John Allen is getting a good bit of blogobuzz for his piece on post-tribal Catholicism. But let’s keep it in perspective: most of the Catholic tribal energy has emerged on the internet over the past ten years. While some of it trickles into parishes, I’d say most Catholics have never heard of the heroes: Corapi, Johnson, Voris, etc.. They are largely unaware of the issues that eCatholics find so engaging. And most of said issues drawing heat are really nothing much deeper than coffee and donuts gossip. Did he really have sex with her? Did she really write that?! Did he really say that?!?
As long as parishes tackle the challenges of evangelization, liturgy, identity, outreach, and formation in their own backyards, the net will remain largely irrelevant. And it probably should be so. I have big doubts about the blog as a medium of evangelization. My blog is more like a seven-year-old conversation that’s been taped in front of a small, but live viewing audience. Who replays the tape here? Not me. 6600 posts? It’s ridiculous, when I think about it. How many novels or spiritual books could that have been?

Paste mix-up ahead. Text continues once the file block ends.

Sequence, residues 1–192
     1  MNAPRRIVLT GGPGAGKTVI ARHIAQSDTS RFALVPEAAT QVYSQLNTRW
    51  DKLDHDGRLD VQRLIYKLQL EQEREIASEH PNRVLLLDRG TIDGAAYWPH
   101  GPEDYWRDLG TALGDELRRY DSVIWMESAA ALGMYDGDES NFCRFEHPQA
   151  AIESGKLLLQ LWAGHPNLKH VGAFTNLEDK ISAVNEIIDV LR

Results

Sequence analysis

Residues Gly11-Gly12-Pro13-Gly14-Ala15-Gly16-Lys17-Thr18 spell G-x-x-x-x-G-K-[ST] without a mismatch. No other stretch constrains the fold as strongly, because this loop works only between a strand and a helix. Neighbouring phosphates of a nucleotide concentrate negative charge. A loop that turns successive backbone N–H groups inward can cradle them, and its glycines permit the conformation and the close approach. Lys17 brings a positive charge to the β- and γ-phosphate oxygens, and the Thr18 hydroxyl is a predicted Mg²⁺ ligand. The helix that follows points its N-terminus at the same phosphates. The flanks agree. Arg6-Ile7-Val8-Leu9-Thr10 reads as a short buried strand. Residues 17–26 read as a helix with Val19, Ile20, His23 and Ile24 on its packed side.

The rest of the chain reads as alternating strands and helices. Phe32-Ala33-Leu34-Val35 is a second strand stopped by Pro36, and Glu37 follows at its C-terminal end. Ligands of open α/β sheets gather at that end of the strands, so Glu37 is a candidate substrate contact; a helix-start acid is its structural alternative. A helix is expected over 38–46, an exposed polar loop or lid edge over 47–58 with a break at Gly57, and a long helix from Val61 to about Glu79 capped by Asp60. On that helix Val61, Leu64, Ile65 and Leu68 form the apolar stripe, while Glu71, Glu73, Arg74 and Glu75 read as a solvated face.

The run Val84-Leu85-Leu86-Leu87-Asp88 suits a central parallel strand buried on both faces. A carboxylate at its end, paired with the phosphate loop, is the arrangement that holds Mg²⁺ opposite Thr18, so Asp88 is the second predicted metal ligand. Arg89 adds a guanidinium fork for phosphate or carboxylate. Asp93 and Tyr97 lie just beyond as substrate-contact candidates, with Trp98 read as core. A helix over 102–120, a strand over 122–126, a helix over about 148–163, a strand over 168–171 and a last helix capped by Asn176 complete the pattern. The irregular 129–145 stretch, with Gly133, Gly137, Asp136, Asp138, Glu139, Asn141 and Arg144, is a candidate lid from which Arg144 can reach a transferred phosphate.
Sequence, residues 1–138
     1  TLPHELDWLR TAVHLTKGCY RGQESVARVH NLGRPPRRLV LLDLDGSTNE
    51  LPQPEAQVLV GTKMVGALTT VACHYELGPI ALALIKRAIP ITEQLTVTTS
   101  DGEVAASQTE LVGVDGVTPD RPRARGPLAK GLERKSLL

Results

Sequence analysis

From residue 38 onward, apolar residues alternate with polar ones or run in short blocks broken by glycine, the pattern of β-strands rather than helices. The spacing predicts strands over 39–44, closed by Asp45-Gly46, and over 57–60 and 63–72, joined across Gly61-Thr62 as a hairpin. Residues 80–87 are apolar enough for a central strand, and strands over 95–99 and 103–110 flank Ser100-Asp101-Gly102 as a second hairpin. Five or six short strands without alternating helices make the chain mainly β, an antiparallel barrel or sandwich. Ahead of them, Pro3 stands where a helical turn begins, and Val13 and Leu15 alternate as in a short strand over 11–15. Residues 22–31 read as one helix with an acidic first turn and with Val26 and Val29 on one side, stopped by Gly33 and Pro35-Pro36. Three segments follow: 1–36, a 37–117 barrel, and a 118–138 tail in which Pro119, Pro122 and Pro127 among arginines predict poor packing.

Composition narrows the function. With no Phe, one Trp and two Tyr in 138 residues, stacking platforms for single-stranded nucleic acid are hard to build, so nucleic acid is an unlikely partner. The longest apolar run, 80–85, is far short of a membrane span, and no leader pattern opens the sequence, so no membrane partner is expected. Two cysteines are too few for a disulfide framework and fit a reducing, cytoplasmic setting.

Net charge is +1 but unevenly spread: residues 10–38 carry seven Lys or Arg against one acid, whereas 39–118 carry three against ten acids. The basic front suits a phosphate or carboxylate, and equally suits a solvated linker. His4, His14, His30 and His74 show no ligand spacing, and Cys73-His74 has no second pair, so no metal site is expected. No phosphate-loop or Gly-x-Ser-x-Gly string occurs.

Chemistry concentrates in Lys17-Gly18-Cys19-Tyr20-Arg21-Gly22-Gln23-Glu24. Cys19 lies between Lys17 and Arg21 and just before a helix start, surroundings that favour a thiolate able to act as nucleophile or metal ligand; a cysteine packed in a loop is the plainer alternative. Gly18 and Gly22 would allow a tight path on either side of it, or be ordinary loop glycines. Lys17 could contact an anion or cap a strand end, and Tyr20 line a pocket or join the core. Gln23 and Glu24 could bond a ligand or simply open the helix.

When I evangelize, it’s about my own faith journey, and plying someone else with questions about their experiences. Blogs do this not well at all. If anything, blogs reinforce a sameness, like Camazotz. They discourage metanoia. They feed into the cult of celebrity. They endorse a weird conformity. Participants resist mightily when a hero gets all moral on something like torture. We’re not supposed to make moral choices, say both the advertisers and the neo-orthodox–we’re supposed to conform to our heroes. When the hero takes a fall, it’s a catastrophe.
What interests me far more are the post-tribal communities Mr Allen discusses. Would I have to give up poking at the sillines of the Right and occasionally the Left? Good trade, most likely. What about you?